Besides revolutionizing finance with the Black-Scholes option pricing model, Fischer Black forever changed Wall Street by developing what is now known as quantitative finance. Fischer Black and the Revolutionary Idea of Finance explores Black's intellectual journey from Harvard to the offices of ADL, from the University of Chicago to MIT, and then to Goldman Sachs. This poignant book tells the story of one man's intellectual adventure at the very center of modern finance, fully describing the birth of quantitative finance and financial engineering along the way.
- Years of research and interviews with Black's business and academic associates, as well as family and friends, are distilled into a scholarly yet personal story of the formation and development of the extraordinary mind and unique character of this unassuming renegade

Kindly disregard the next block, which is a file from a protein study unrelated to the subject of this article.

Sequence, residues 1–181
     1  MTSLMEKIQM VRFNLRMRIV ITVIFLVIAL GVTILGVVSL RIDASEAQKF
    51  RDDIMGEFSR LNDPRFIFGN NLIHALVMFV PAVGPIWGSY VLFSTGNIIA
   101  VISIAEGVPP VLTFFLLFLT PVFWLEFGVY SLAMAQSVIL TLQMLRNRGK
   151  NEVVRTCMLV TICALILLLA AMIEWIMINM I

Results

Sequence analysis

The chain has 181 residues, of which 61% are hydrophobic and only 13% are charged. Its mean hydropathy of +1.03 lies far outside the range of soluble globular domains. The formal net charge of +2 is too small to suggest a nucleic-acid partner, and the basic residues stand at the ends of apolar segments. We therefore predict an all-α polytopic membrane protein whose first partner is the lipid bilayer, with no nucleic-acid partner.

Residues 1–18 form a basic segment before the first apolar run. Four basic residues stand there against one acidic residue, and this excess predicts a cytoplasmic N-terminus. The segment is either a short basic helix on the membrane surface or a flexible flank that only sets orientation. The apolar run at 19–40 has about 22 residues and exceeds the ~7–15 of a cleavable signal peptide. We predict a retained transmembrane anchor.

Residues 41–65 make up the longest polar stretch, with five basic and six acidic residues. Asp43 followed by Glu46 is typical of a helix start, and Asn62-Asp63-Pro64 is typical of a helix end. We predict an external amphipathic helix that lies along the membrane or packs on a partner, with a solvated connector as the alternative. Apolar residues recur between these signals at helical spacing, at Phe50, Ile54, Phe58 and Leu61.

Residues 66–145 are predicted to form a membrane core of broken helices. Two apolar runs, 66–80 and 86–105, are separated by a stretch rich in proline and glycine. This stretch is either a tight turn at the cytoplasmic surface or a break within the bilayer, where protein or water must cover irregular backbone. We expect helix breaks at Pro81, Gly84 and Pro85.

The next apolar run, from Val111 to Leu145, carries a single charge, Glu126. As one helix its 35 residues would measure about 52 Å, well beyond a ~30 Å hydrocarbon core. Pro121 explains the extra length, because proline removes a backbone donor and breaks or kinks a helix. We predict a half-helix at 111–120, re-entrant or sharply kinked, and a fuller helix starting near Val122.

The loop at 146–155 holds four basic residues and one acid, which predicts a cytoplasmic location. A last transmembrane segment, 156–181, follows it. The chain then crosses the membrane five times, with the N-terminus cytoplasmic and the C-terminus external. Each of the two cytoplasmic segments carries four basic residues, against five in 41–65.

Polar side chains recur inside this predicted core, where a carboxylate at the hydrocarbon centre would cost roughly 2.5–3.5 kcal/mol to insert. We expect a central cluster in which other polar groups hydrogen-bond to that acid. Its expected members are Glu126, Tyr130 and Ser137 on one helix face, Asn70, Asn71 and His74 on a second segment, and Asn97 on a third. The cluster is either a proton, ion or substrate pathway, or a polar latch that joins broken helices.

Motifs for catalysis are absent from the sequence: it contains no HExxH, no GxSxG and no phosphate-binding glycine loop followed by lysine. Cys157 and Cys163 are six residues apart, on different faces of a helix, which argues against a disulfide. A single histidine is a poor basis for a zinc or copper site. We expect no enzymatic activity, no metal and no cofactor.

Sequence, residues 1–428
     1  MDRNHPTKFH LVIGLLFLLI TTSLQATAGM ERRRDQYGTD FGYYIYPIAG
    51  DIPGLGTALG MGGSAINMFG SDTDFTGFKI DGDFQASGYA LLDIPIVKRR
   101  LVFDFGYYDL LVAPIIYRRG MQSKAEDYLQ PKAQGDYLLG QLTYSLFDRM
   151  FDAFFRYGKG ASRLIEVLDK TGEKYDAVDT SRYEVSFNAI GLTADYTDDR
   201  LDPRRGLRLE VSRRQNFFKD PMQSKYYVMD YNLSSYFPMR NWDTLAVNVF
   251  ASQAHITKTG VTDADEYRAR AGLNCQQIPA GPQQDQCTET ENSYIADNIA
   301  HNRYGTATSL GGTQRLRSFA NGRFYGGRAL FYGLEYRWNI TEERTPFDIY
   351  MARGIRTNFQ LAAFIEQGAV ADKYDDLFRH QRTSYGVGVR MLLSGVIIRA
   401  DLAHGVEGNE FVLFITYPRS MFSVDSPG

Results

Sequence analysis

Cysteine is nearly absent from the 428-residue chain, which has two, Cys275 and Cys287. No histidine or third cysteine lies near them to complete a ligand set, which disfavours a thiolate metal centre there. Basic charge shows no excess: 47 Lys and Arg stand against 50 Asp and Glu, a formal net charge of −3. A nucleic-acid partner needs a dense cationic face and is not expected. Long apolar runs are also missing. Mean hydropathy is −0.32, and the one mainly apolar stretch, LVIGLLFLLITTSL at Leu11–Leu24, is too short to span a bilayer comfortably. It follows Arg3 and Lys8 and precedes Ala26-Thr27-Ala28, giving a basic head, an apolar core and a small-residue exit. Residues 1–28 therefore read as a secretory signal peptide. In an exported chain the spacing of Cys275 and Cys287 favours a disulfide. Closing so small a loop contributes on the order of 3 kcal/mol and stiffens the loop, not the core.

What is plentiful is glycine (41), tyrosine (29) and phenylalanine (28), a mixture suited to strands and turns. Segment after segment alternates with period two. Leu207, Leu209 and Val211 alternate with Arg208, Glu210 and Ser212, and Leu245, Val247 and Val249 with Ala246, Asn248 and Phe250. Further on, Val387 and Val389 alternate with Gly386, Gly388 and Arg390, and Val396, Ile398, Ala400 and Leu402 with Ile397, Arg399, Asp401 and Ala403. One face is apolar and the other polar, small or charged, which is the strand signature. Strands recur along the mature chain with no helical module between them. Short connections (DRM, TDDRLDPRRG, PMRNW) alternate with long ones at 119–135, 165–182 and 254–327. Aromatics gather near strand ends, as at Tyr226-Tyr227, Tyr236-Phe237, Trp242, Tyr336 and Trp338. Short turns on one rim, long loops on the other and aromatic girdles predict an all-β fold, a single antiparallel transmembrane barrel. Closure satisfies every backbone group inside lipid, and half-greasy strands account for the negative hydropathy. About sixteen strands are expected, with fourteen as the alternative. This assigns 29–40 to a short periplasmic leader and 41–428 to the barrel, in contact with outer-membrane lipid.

- Black deciphered the universe of modern finance in ways that went underappreciated for many years and would have won the Nobel Prize in Economics, if not for his untimely death in 1995
- Author Perry Mehrling weaves Black's personal story with the birth of modern finance into a vignette-based business biography that captures the essence of this extraordinary man, explaining, for the first time, the ground-breaking impact Fischer Black had on the worlds of money and finance as well as world markets
This compelling biography of the "Einstein of Finance" follows Fischer Black through his incredible career, from his transition from academia to one of the most elite of firms on Wall Street—Goldman Sachs—where he developed quantitative models that tens of thousands of professionals still use today. Fischer Black and the Revolutionary Idea of Finance demystifies this genius of finance and provides an engaging and entertaining look at a man whose life's work encapsulates modern financial theory.
Keywords: General Finance & Investments, fischer black, perry mehrling, Fischer Black and the Revolutionary Idea of Finance, black-scholes option pricing model, financial biography, goldman sachs, financial engineering, financial history, noise, noise traders, CAPM, 1987 Crash, LTCM, quantitative finance, Jack Treynor, equilibrium, risk and time, financial economics, currency options, Black-Derman-Toy, Wells Fargo